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What next for UK cancer research in the Brexit era?


Henry French asks how Brexit might affect cancer researchers and their collaborations with life-science companies.

Posted on 31 January, 2020 by Henry French

Brexit jigsaw puzzle

Image: Brexit jigsaw puzzle. Credit: Daniel Diaz, via Pixabay.

Perhaps it’s appropriate that Big Ben did not toll after all at 11 o’clock on 31 January, when the UK officially left the European Union.

As well as having an association with celebration, bells connotate mourning. As one of England’s most famous poets, John Donne, wrote many centuries ago: “Do not send out to ask for whom the bell tolls; it tolls for thee.”

Cancer researchers are nervous about the implications of Brexit for our collaborations across Europe, and here at The Institute of Cancer Research we have warned of the potential risks for access to clinical trials and new medicines, too.

But that doesn’t mean that the mood is funereal. Indeed, while concerns remain over our departure from the EU, the UK's universities and life-science companies seem cautiously optimistic about their post-Brexit future.

One consistent message coming from our universities, our businesses and our public bodies – notably through the Mayor of London’s #LondonIsOpen campaign – is that the UK is still open for business and will continue to retain the advantages that make it competitive on the world stage, in spite of Brexit.

UK life sciences

As the ICR’s Director of Enterprise, Dr Angela Kukula recently observed, the UK life-science sector is thriving at the moment. Employing in the region of a quarter of a million people in the UK, life sciences are attracting record levels of investment from the private sector, as well as the highest level of current spend on health R&D by a European Government.

Investment is continuing to flow into the life-sciences economy in part because of the strength of the UK’s university sector, which is set to remain strong after Brexit.

The ICR, of course, is a leading force for driving investment in oncology, through our ground-breaking cancer research – particularly in the discovery and development of new cancer drugs. Our work leads to many collaborations and partnerships, millions of pounds of investment, and ultimately the creation of new treatments for patients across the world.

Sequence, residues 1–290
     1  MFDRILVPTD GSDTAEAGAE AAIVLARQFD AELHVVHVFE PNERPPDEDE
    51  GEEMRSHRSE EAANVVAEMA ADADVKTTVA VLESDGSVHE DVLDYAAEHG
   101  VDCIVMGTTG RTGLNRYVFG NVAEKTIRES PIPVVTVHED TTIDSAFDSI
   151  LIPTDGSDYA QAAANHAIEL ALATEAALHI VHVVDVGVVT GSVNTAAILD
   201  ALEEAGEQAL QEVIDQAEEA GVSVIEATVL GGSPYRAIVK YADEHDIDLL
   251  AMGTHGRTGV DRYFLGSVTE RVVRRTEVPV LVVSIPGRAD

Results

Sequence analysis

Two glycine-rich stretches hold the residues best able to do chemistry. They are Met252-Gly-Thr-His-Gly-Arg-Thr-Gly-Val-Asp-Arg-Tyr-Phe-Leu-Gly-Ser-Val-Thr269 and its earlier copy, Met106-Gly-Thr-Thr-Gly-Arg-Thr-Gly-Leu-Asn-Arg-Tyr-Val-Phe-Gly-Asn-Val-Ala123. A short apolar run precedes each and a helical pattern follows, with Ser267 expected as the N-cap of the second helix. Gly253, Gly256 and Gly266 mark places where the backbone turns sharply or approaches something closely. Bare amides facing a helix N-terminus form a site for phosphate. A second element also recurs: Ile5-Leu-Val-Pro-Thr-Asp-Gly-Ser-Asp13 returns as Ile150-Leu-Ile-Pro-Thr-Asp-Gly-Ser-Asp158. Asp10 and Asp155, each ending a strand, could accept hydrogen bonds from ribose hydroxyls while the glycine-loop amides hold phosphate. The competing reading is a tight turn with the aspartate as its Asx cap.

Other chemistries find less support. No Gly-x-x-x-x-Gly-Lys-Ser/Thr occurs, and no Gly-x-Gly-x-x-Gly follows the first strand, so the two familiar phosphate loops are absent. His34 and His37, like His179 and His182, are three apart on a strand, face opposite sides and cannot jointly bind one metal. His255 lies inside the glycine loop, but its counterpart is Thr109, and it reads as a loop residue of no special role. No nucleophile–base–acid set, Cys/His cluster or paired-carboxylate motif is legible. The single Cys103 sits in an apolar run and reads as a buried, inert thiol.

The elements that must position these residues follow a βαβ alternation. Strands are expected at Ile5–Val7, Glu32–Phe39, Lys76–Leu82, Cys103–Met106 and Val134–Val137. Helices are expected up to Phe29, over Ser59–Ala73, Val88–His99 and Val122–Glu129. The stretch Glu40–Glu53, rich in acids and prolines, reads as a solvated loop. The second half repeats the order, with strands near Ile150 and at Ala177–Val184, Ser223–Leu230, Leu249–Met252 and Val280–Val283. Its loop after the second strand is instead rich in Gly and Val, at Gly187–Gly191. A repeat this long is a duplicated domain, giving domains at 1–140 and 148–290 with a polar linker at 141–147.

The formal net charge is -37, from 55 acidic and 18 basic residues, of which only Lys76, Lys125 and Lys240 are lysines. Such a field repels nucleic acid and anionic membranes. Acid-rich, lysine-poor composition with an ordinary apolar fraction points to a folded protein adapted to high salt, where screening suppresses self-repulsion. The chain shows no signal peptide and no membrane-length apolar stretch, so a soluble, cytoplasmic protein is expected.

Our researchers are part of a UK ecosystem that incorporates universities, innovative start-ups, biotech and medtech companies and major pharmaceutical companies, some of the largest of which are based here in the UK.

Charities like Cancer Research UK and Wellcome – among the world’s biggest in terms of spending power – breathe life into our life sciences by funding the basic, early-stage science that provides researchers around the world with the crucial fundamental understandings of biology that underpin new treatments for disease.

Meanwhile, our Research Councils fund billions of pounds worth of research each year (£7.5bn in 2018-19), and are aiming to help deliver the Government’s commitment to increase R&D spending to 2.4 per cent of GDP through the UK’s Industrial Strategy.

And the NHS is home to a huge patient population, and some of the most brilliant and dedicated clinicians in the world. It is already integrated into the wider research ecosystem and affords patients access to some of the latest medicines through clinical trials, thanks in part to the NHS’s research arm, the National Institute of Health Research (NIHR).


There are, however, problems with the global drug discovery and development ecosystem – and along with many others in the sector, we are worried that Brexit will exacerbate some of these issues.

We have serious concerns, for example, that Brexit could further exacerbate the difficulties that patients have in accessing new treatments. It is essential that the deal we enter into with the EU does not block access to medicines to UK patients, or dis-incentivise companies from applying for approval in the UK market (3 per cent of global pharmaceutical sales) versus prioritising the EU (25 per cent).

It is also essential that the Government secures a deal that keeps our regulatory frameworks for science, and especially for clinical trials and drug licensing, aligned with the EU.

And we, like many of our peers across UK universities, are very worried about the potential damage to our position as a world leader in science, Brexit may cause by affecting our ability to recruit and retain the best and brightest scientists from across the world.

Mitigating the Brexit risks

But alongside our colleagues across the UK cancer research community and the wider life-sciences industry, we are actively working to mitigate the risks to our research, maintain our researchers’ ability to work with colleagues across Europe, and to maintain patient access to new treatments.

If the UK Government and the EU can agree a deal that mitigates our concerns as we complete the transition period at the end of this year, the UK will continue to perform strongly in life sciences on the world stage.

Our researchers, along with the whole UK cancer research community, are determined to find new treatments for cancer. And we know we can only do this together with our partners and friends across national and continental boundaries.

Leaving the EU will not lessen the determination of the many thousands of us in the UK who are working to find new treatments for cancer, and for other diseases – to discover and develop new treatments for people wherever in the world they may be.

As Donne also wrote: “No man is an island, entire of itself. Each is a piece of the continent, a part of the main.

“Each man's death diminishes me, for I am involved in mankind.”


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